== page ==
The Teacher stood on the balcony of his palace and reflected on similar things that he had observed. Look what he says in Ecclesiastes 9:11: "The race is not always to the swift or the battle to the strong, nor does food come to the wise or wealth to the brilliant or favor to the learned; but time and chance happen to them all."
He's not talking about the kinds of mysteries we read about on the cover of the Inquirer when we're standing in line at the grocery store that say Elvis was seen working at a 7-11 in Cleveland or some woman in England gave birth to a 28lb child with the head of an alien. He's referring to the strange things that happen that can't be explained because they appear to be out of natural order of cause and effect. The fastest runner doesn't always win. The greatest army doesn't always get the victory. Health and wealth don't always come to the smarted or the most gifted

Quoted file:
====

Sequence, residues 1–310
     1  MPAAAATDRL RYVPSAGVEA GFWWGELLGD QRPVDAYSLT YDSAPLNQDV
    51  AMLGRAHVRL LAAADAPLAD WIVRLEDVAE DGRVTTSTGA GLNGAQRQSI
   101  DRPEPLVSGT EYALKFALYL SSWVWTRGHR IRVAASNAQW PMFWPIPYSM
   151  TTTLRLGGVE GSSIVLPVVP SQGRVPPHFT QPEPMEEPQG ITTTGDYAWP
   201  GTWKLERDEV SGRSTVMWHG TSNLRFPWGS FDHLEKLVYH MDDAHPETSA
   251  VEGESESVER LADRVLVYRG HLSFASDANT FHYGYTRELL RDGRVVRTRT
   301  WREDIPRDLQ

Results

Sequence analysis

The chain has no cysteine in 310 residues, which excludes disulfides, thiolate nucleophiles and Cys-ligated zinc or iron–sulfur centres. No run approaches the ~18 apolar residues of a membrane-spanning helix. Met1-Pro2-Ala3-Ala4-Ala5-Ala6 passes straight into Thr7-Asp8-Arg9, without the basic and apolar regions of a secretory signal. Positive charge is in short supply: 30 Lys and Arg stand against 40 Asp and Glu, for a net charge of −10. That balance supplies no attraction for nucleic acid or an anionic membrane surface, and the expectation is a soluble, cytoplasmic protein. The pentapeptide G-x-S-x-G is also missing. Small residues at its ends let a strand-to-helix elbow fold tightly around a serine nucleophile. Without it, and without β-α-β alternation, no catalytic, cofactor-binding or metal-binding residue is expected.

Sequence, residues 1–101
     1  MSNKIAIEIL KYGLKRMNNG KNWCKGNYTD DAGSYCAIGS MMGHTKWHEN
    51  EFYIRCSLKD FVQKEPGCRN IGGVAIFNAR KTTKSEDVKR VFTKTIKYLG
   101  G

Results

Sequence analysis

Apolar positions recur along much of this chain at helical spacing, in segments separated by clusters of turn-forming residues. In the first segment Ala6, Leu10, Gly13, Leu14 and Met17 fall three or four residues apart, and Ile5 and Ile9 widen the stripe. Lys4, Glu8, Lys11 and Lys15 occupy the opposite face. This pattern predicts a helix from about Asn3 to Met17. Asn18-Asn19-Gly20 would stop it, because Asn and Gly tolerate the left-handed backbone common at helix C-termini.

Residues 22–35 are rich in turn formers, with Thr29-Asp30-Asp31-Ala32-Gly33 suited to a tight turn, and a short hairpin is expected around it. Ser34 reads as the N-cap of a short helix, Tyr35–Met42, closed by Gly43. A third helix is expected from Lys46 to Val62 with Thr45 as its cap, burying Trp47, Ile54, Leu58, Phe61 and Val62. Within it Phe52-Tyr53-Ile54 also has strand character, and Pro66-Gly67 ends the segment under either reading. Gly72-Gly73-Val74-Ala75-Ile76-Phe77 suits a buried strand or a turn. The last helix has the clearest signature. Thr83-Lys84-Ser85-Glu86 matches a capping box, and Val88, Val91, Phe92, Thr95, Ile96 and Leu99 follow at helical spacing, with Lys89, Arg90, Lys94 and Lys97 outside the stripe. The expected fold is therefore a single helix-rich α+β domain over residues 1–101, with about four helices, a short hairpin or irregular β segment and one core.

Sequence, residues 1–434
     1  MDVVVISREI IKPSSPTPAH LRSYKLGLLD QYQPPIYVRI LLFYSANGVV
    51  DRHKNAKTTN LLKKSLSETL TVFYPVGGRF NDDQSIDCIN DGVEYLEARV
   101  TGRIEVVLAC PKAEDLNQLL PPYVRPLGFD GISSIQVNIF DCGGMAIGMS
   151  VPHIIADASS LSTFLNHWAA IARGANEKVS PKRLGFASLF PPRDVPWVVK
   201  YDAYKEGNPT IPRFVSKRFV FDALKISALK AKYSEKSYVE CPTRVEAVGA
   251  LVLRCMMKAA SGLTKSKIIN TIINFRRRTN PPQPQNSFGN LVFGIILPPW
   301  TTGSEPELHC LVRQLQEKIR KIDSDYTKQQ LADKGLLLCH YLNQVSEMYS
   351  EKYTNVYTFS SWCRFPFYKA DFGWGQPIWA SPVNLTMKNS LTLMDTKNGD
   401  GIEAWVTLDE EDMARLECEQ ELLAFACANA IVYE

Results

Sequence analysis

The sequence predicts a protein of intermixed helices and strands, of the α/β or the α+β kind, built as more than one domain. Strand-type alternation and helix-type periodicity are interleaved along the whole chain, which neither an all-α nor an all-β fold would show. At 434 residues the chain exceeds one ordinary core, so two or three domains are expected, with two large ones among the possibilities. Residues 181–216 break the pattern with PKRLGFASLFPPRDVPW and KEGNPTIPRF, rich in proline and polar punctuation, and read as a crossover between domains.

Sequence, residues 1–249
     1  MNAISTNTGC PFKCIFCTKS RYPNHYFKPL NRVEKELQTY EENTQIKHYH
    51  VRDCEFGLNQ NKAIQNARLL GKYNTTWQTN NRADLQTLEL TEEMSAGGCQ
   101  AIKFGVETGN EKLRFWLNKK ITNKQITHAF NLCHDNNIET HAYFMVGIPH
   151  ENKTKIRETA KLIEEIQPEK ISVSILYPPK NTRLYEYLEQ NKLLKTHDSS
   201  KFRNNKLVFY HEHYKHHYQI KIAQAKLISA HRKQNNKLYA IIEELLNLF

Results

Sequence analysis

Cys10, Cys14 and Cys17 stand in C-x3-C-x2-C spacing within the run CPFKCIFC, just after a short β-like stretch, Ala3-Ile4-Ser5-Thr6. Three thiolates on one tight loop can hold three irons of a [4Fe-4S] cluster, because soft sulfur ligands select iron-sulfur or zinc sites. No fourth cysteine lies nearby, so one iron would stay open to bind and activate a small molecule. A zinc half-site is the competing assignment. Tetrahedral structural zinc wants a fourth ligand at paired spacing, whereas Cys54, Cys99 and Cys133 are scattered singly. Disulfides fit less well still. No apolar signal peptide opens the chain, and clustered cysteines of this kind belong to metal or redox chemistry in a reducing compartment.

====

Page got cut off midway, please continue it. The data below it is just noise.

Perhaps the greatest man of the 20th century was Winston Churchill. He pretty much saved England during WWII and had a brilliant career as both a statesman and scholar. Early on he recognized the threat of Nazi Germany and immediately began to work with America to defeat that regime. Throughout his career Churchill was never at a loss for words and he was almost always incredibly eloquent. But the one country that continually threw him for a loop was Russia. On one occasion, in the middle of the war, once again confounded by another surprising and unexpected decision by the Russians, he said "That government is a riddle, wrapped up in a mystery and set in an enigma." That's about as complicated as something can get.
Solomon says that sometimes, life is like that. Even more mysterious and disturbing is the fact that suffering can come so quickly—as if out of nowhere. "Moreover, no man knows when his hour will come: As fish are caught in a cruel net or birds are taken in a snare, so men are trapped by evil times that fall unexpectedly upon them."